The Ranked Ballot Initiative of Toronto (RaBIT) is an independent, grassroots, citizen-led, volunteer campaign.
We believe that by introducing ranked ballots for Toronto municipal elections, we can make a small and simple change that will make our elections more fair and friendly. RaBIT's approach is strictly non-partisan, positive, municipally-focused, and collaborative. RaBIT has managed to gather support for its campaign from a wide spectrum of community leaders, Toronto City Councillors, and journalists. RaBIT was originally founded by 'community choreographer' Dave Meslin. Now an incorporated non-for-profit organization led by a working board of volunteer directors, RaBIT is advocating for Toronto to move to a ranked ballot in time for the 2018 election.
RaBIT grew out of an earlier city-wide dialogue called Better Ballots that was aimed at exploring fourteen potential improvements to municipal politics in Toronto. In spring 2010, this campaign held four town halls across Toronto (in Scarborough, Etobicoke, North York and Downtown) and garnered significant media attention and popular support. Moving to a ranked ballot was ultimately selected as one of the most popular possible improvements by participants in the dialogue.
With Better Ballots raising the profile of ranked ballots, the issue was first considered by Toronto City Council in August 2010 when Councillors Ootes and Feldman moved a motion that directed the city manager “to research and report to the Executive Committee in the new term of Council on alternate methods on the election of the Mayor for the City of Toronto for 2014”. The background of the motion explicitly identified ranked ballots as one option for the report to examine. This motion passed by a vote of 30-12.
After the requested report was completed, and after an extensive public consultation exercise, Council again considered the issue in August 2013 when it voted by a margin of 26-15 in favour of asking the provincial government to grant Toronto permission to use ranked ballots for its municipal elections. In response to this motion, Liberal MPP Mitzie Hunter introduced a Private Member's Bill in spring 2014 that would have granted this permission. NDP MPP Jonah Schein introduced a similar bill at about the same time. Hunter's bill passed second reading and was slated for consideration by committee when the 2014 provincial election was called.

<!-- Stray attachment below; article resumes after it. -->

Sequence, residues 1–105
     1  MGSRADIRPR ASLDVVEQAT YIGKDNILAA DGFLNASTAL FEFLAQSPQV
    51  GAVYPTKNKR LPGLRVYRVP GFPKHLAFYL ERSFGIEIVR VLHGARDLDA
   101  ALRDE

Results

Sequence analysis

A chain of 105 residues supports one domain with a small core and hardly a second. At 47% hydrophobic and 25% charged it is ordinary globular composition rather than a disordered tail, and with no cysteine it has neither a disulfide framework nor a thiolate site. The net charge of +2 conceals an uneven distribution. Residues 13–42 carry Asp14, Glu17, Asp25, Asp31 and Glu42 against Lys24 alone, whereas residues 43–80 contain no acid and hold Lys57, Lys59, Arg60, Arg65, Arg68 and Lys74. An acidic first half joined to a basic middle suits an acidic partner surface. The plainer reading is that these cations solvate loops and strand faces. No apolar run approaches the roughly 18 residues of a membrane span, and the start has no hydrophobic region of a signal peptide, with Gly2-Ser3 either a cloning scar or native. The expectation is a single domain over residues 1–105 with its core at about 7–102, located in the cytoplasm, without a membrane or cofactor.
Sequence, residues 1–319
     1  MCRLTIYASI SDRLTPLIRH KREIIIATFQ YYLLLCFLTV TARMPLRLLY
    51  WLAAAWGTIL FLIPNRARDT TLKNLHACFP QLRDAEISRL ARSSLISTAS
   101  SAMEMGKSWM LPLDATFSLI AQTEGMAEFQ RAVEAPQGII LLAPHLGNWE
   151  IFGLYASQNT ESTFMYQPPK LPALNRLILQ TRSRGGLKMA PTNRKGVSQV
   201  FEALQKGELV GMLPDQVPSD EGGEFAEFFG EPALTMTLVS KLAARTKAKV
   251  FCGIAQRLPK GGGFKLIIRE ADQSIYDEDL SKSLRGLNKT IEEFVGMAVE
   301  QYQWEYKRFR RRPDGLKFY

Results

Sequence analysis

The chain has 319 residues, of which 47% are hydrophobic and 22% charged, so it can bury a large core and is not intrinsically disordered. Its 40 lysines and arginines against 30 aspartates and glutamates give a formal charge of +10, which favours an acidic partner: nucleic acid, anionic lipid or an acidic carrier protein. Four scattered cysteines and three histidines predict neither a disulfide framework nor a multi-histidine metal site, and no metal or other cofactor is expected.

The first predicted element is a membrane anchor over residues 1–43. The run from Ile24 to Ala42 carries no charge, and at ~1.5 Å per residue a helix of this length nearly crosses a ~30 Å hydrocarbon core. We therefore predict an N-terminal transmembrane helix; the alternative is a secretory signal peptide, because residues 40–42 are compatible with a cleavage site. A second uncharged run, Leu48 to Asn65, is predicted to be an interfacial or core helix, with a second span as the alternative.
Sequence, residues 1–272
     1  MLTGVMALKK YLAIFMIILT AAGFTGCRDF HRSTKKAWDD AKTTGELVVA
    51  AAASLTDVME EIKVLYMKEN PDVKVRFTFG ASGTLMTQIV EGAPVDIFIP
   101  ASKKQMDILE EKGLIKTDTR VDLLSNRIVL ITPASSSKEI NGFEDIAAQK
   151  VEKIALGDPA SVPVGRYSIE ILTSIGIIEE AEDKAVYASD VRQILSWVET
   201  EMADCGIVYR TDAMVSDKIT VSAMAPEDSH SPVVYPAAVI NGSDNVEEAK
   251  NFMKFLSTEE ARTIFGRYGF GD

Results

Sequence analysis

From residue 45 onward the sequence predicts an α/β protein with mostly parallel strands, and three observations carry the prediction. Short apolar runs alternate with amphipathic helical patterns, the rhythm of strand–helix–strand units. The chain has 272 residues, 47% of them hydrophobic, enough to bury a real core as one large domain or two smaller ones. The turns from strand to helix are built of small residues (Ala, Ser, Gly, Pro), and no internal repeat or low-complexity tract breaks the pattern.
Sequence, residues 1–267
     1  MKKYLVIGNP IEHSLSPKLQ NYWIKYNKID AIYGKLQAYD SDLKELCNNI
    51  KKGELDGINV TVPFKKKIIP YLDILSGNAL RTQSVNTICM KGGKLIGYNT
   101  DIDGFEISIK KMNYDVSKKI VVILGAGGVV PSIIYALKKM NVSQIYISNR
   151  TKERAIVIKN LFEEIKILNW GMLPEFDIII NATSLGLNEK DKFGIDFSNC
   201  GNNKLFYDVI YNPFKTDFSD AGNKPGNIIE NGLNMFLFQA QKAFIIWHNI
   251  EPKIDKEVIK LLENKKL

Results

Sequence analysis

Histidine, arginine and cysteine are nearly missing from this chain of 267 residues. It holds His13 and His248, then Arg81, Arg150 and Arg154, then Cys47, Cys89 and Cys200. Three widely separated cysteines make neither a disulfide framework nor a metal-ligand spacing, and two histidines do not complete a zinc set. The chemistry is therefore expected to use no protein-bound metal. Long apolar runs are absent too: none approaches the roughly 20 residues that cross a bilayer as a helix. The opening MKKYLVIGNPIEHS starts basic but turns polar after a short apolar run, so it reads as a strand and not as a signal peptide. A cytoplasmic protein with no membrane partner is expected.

During the 2014 provincial election campaign, Premier Kathleen Wynne announced that, if re-elected, the Liberal government would introduce legislation that would enable all Ontario municipalities to use ranked ballots if they so chose. After the election, the Premier sent her new Minister of Municipal Affairs and Housing, Ted McMeekin, a mandate letter in which she explicitly charged him with bringing forward legislation that would provide "municipalities with the option of using ranked ballots in future elections, starting in 2018, as an alternative to first-past-the-post."
In spring 2015, Minister McMeekin announced a consultation process aimed at gathering input from the public on how the government should implement its promise to provide municipalities with the ability to use ranked ballots. At the same time, the province launched a technical working group to discuss the issues surrounding implementation of ranked ballots at the municipal level with public servants and other stakeholders with the aim of informing the legislative drafting process.
On September 16, 2016, history was made in Ontario! The Government of Ontario officially passed regulations making it possible for any Ontario municipality to use a ranked ballot in their elections. The race is on - now the question is, who will lead?
RaBIT is continuing our work at City Hall and around the city, to make Toronto the first city in Ontario to say goodbye to our broken First-Past-The-Post system! We need your help to make our municipal elections more fair and friendly - please spread the word, sign up to volunteer, or donate what you can.